Each of these vulnerabilities gives attackers an opportunity to strike. While many of their tactics remain the same, they have also grown in sophistication and cost-effectiveness. Criminals can use "social power" to exert influence over others and manipulate them into making mistakes.

There are six different types of social power: reward power, which promises a reward if the task is complete; coercive power, which uses punishment to influence behavior; referent power, which uses the "cult of personality" to manipulate followers of celebrities; informational power, which uses specific information to convince a target the attacker is legit; and expert power, which attackers use to impersonate someone with expertise — someone who should be trusted.

Psychologically savvy attackers can leverage these tactics in several different types of attacks. Spear-phishing is most common and increasingly popular, says Durbin, but other techniques are becoming popular, too. Whaling, for example, is a type of phishing email designed to hit a single, high-value target, usually a senior executive or someone with privileges access. Criminals use a long-term approach, employing different forms of social power over a period of time to build credibility.

Baiting, another tactic, is similar to phishing but promises a reward to entice the target: Free music or movie downloads may be traded for credentials to a certain website. Smishing, or social engineering done via text messages, is likely to become much more popular as people are less aware of cyberattacks arriving via SMS. Vishing, or social engineering via phone, lets attackers use their voice to build a rapport. Some criminals are using AI to become more convincing.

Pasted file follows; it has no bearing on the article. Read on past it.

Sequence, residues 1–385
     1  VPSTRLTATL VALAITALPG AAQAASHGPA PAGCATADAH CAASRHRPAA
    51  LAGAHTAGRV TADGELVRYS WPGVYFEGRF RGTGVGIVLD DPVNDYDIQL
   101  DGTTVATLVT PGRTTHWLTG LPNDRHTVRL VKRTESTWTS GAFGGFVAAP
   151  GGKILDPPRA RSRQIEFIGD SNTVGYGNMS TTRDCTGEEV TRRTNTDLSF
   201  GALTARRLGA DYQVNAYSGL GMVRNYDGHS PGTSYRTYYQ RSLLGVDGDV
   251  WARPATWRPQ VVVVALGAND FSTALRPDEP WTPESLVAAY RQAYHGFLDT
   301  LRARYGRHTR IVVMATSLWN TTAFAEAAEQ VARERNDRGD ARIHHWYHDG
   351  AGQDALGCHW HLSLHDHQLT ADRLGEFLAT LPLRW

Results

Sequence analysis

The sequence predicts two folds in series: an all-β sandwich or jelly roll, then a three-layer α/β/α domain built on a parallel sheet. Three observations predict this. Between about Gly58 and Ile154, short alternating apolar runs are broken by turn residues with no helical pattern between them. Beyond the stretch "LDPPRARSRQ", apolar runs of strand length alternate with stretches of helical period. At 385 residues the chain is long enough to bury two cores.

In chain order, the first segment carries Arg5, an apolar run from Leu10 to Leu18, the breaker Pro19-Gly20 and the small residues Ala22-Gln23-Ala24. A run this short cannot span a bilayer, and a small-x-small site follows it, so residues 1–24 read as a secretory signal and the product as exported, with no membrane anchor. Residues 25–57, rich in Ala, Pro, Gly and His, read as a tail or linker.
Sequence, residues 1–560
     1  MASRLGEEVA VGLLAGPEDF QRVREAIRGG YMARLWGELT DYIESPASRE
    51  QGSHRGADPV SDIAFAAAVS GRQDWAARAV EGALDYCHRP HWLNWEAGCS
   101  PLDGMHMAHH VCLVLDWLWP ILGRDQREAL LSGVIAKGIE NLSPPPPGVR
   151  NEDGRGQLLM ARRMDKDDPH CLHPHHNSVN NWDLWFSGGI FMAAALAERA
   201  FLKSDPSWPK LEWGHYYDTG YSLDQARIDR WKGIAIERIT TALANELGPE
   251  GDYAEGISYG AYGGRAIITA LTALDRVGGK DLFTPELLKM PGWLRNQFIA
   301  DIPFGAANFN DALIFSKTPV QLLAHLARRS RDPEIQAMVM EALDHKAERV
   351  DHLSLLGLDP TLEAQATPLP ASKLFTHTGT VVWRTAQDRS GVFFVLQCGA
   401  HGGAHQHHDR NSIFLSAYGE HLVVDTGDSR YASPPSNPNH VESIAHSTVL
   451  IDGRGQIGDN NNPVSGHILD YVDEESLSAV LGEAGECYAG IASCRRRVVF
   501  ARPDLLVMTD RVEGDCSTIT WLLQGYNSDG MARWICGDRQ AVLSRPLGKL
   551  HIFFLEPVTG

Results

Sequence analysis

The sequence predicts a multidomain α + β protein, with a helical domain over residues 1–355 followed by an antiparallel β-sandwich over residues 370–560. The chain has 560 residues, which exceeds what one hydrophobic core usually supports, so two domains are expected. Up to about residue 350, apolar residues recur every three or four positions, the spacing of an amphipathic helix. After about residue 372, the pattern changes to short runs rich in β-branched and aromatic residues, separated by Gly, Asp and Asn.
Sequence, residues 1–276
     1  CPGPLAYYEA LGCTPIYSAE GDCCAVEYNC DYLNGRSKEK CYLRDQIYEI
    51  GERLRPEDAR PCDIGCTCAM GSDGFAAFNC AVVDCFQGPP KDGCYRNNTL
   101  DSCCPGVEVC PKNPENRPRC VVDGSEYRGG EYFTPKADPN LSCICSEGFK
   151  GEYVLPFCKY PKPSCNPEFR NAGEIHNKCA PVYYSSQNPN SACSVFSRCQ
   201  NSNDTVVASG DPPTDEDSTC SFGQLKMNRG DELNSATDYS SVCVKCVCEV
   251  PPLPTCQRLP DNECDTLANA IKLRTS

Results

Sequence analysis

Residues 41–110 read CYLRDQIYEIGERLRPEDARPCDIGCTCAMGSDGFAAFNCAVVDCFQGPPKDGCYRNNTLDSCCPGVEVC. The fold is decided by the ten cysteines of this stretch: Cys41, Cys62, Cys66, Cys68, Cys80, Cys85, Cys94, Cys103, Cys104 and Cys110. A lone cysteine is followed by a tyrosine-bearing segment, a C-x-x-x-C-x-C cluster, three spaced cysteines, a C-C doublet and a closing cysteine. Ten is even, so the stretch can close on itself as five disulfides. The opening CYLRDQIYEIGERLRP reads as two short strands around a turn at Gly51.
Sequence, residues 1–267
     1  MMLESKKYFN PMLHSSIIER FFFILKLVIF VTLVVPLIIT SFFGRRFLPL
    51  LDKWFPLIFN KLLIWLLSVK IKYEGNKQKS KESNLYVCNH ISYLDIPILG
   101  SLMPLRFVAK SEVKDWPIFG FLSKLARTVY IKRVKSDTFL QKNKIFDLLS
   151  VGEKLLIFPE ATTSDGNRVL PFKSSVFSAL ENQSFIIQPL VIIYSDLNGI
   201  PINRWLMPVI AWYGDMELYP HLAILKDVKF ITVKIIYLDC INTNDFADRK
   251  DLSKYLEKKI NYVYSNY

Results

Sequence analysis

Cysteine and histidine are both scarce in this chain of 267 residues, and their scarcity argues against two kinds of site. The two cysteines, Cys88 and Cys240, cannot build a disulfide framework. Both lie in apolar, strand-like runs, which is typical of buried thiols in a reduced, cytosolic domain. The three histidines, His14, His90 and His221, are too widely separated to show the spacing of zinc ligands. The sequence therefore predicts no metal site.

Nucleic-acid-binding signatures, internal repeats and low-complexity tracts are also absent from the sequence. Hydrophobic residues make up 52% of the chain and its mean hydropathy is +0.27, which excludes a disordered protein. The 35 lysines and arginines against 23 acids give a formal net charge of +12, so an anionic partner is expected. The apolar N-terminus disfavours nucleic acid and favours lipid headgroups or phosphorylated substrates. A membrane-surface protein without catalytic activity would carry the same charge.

"The phone has tended to be something that has remained out of the more commercial phishing and attack scenarios that we've seen," Durbin says. "We're starting to see it emerging now." And while the voice impersonation tactic requires access to the right technology, he anticipates this is an area that will grow. With the right tech, the attack isn't difficult.

What's important to remember about human-focused cybercrime is this isn't about employees being less intelligent or more negligent, he continues. "This is human nature. If you catch us on the wrong day or catch us in a certain way, we will behave accordingly," Durbin adds. "You don't actually know how the individual is feeling on a particular day."

What You Can Do
Researchers recommend reviewing your organization's security culture, starting from the most senior roles. This can inform a better understanding of how different departments value security and pinpoint which areas have more human vulnerabilities. From there, security leaders can identify threats, tailor responses, and help employees handle stressful situations.

Security admins should also aim to understand how employees use technology, controls, and data. Consider how these interactions may vary across locations and cultural settings, and brainstorm how controls and technologies can be designed around the person using them.